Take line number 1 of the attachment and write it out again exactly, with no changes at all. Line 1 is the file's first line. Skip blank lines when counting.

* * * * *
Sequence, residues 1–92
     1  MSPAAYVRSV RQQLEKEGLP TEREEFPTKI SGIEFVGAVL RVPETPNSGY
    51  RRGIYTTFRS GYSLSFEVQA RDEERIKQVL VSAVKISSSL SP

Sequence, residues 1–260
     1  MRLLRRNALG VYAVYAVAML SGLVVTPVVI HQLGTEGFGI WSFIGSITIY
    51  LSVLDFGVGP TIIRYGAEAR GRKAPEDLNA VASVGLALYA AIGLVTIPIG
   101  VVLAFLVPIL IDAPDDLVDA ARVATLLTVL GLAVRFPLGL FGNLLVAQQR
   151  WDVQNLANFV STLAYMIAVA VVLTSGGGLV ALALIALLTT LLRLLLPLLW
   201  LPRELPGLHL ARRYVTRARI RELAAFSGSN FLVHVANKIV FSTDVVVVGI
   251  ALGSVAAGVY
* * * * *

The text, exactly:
Sequence, residues 1–92